Sabina Khan is the author of ZARA HOSSAIN IS HERE (Scholastic/ April 6, 2021) and THE LOVE & LIES OF RUKHSANA ALI (Scholastic, 2019). She is an educational consultant and a karaoke enthusiast. After living in Germany, Bangladesh, Macao, Illinois and Texas, she has finally settled down in beautiful British Columbia, Canada, with her husband, two daughters and the best puppy in the world.
What inspires you to write? Where do you get your ideas?
A lot of my inspiration comes from social issues that are close to my heart and that affect me as an immigrant, a woman of colour and a mother. Most of my ideas are a drawn from my own experiences as a young child in Germany, coming of age in Bangladesh, and then moving to North America in my twenties.
Tell us about your book
The Love and Lies of Rukhsana Ali is about a 17-year-old Muslim lesbian whose conservative parents have no idea about her sexuality. Unfortunately, they catch her kissing her girlfriend and whisk her away to Bangladesh to marry her off before any hint of a scandal can get out. This is a story of Rukhsana’s struggle to get back to her life in Seattle and her girlfriend without losing everyone she loves in the process.
Zara Hossain Is Here is about a 17-year-old bisexual Muslim immigrant from Pakistan who, along with her family is waiting for their green card process to be finalized. She deals with Islamophobia and bullying at school on a daily basis, but one day her tormentor goes too far, leading to a hate crime that jeopardizes her and her family’s immigration status in the US. Zara struggles to figure out a way to stay in the only place she’s ever called home.
Tell us about your writing journey and how you got where you are today.
I’ve always wanted to be a writer but life sort of got in the way. Then around 2010 I began to seriously write a book which I eventually self-published in 2014. That was followed by a couple of years during which I thought that there was no point in continuing. Luckily, that’s when I found out about DVpit and Pitch Wars on Twitter and I’m so glad that I decided to pitch Rukhsana’s story for those. I was paired with an amazing mentor in Pitch Wars 2016 and things have been pretty amazing since then. I got my agent and my first contract through that and now I’m looking forward to writing all the stories I longed for as a young reader.
What advice do you have for aspiring writers & creators?
Find a group of people who will always root for you and be happy for all your successes, big and small. Surround yourself with other writers who are in the same place that you are. You can be there for each other and learn from each other through all the inevitable ups and downs in this business. Read widely across genres. And just write. The rest will fall into place.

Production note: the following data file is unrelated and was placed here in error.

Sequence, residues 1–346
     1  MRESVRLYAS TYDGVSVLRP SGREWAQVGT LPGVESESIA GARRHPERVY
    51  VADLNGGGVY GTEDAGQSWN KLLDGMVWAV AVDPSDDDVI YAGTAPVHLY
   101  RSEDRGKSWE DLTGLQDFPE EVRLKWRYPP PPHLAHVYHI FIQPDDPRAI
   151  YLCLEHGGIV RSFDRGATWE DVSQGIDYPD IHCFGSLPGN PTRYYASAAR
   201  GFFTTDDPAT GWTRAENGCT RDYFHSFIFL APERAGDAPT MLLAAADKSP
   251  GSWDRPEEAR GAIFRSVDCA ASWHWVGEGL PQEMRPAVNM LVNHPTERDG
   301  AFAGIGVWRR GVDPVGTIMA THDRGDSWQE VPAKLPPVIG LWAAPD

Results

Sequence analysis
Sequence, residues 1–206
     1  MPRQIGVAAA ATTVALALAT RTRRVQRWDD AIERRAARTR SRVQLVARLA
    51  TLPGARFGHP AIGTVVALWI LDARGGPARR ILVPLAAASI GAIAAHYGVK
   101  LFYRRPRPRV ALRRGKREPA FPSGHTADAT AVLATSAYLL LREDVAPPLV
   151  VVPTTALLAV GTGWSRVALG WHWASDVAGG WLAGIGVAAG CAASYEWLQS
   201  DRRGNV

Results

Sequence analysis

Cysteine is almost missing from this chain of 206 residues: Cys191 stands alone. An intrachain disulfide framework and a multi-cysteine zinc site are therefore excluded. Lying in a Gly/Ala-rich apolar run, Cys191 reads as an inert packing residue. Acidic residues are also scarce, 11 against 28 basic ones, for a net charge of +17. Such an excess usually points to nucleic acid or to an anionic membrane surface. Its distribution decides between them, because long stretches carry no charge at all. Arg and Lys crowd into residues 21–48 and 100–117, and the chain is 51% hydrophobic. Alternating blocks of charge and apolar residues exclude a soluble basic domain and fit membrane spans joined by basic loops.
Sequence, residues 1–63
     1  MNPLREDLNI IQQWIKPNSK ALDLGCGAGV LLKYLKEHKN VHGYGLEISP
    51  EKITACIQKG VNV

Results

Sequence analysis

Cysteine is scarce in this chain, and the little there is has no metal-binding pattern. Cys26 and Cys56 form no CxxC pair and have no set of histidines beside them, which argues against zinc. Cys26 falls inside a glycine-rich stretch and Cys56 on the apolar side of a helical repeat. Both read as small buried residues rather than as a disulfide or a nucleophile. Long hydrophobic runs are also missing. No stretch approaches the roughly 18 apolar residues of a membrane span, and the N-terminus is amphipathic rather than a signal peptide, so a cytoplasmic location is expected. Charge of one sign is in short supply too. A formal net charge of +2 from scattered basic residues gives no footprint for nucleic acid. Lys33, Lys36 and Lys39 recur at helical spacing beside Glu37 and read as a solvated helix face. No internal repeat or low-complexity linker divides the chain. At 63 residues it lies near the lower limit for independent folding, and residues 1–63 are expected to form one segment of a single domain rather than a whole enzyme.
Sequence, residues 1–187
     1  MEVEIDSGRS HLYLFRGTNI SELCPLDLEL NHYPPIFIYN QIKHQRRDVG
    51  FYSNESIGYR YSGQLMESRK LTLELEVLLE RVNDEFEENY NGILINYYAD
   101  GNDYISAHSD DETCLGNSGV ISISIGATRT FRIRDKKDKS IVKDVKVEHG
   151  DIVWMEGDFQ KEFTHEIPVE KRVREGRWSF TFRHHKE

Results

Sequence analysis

What advice do you have for aspiring writers & creators from marginalized backgrounds?
Ignore the voices that say our stories aren’t important, that there is no market for them. Don’t listen to anyone who says you have to tell your stories in a certain way to appeal to certain audiences. Tell your stories with authenticity, the way only you know how.
How do you weave your culture(s) into your book(s)? How do(es) your culture(s) influence your writing?
Since my stories are all about characters from the same background as mine, weaving my culture into my books just happens organically. I love to write about the warmth and affection between my characters and their families, as well as the more difficult parts, like navigating their way between all the family expectations and their own hopes and dreams. My favorite thing to write about has to be the sharing of food and how it draws people together.
What is your writing process like?
I find that it varies with each book. Sometimes the process is chaotic and rushed, at other times it’s carefully planned. I’ve stopped trying to stick to any one method and find that it’s best to just let the story flow out of me as it wants to.
What’s your favorite part of the writing process? Your least favorite part? Why?
My favorite part of the writing process has to be drafting because the possibilities are endless and it’s like meeting new people and getting to know them as they live out the roles I’ve created for them.
My least favorite part is probably revising because I have to really deal with all the flaws that I so casually ignored during drafting.
What superpower would you like to have?
Do I have to pick just one? Well, in that case, I pick time travel. I’d love to be able to experience life in different eras and to see what the future holds.
How long on average does it take you to write a book?
I would say 6-8 weeks for a decent first draft, although I’ve been known to write really bad first drafts in 2-3 weeks.